[03.15.13]
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Responding to “Help Wanted” Ads with a “Help Offered” Resume

help wanted ads, help offered, resume, professional resume, employers, current resumeIf you are not experiencing much success with your current resume, it may be because you are not responding to the employer’s expressed need for help.

This is a guest blog post by Sharon Hamersley.

Granted, many job ads are not very clear, but to the extent possible, put yourself in the employer’s seat and see if you can figure out what problems they are trying to solve.

Then, craft your resume to demonstrate how you can solve those problems. Most applicants’ resumes do not speak to the employer’s needs.

Each prior job looks something like this:

Assistant Manager, Company XYZ, 2003-2012
• Managed staff of 25 people
• Responsible for ensuring all goals met
• Conducted staff meetings and individual performance reviews
• Blah…Blah…Blah…

How does any of this solve the employer’s problems? Short answer…it doesn’t! But you can demonstrate your ability to solve their problems by including key words and accomplishments. Let’s talk about how to identify these…

Step one: ask why

If you repaired widgets or ran the month-end reports, why were you doing that? “Because that was my job” is not an acceptable response here. Try the following answers:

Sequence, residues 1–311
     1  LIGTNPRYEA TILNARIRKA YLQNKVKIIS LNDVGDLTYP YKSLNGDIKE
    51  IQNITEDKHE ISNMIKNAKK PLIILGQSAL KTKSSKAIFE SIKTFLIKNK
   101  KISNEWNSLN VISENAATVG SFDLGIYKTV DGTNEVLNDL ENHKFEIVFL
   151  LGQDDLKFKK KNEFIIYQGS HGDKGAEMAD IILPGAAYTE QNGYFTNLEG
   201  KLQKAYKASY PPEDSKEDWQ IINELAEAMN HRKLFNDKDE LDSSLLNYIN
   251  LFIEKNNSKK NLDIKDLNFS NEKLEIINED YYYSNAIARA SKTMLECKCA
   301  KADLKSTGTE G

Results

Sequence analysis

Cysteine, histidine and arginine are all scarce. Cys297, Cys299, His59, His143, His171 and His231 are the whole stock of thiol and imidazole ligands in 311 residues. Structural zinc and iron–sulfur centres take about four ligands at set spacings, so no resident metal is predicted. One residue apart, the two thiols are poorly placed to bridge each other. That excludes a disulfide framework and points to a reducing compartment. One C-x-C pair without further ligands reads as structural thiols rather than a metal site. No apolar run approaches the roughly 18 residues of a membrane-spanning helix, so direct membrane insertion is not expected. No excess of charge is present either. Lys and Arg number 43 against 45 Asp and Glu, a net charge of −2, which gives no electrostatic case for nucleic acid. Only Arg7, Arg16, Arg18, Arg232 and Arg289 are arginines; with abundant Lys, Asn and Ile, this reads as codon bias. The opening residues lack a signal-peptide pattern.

• Repaired widgets to maintain daily operations.
• Ran month-end reports summarizing company financials.

Step two: ask what was the value to the company?

This is where many job applicants stumble. They are not used to thinking like a business owner, but in today’s job market you need to do that. Let’s expand the above statements:
• Repaired widgets to maintain daily operations, minimize downtime, and ensure maximum productivity.
• Ran month-end reports summarizing company financials, providing a clear picture of the company’s financial position in support of management decisions.

Step three: add a quantitative or qualitative descriptor.

If you were performing your job well, there were standards that you were meeting, even if no one ever told you exactly what they were. See if you can identify a measure that describes how well you were doing your required duties:

• Repaired widgets in 60 minutes or less to maintain daily operations, minimize downtime, and ensure maximum productivity.

• Ran 100% accurate and complete month-end reports summarizing company financials, providing a clear picture of the company’s financial position in support of management decisions.

So here’s your homework if you want to beef up your resume to a “Help Offered” ad.

Take each job duty on your current resume and write it at the top of a sheet of paper. Then write down as many answers to the Why? and What Value? questions as you can identify. See if you can also add a quantitative or qualitative descriptor.

Finally, put all of this into a sentence, and replace what you have in your resume with this new information. You are well on your way to creating a “Help Offered” resume.

And if you need more help with resume formatting, by all means download Tim’s TruFocus™ resume template.

Thanks photologue_np for the photo via Flickr


Written by: Sharon Hamersley
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Categories: Cover Letters And Resumes

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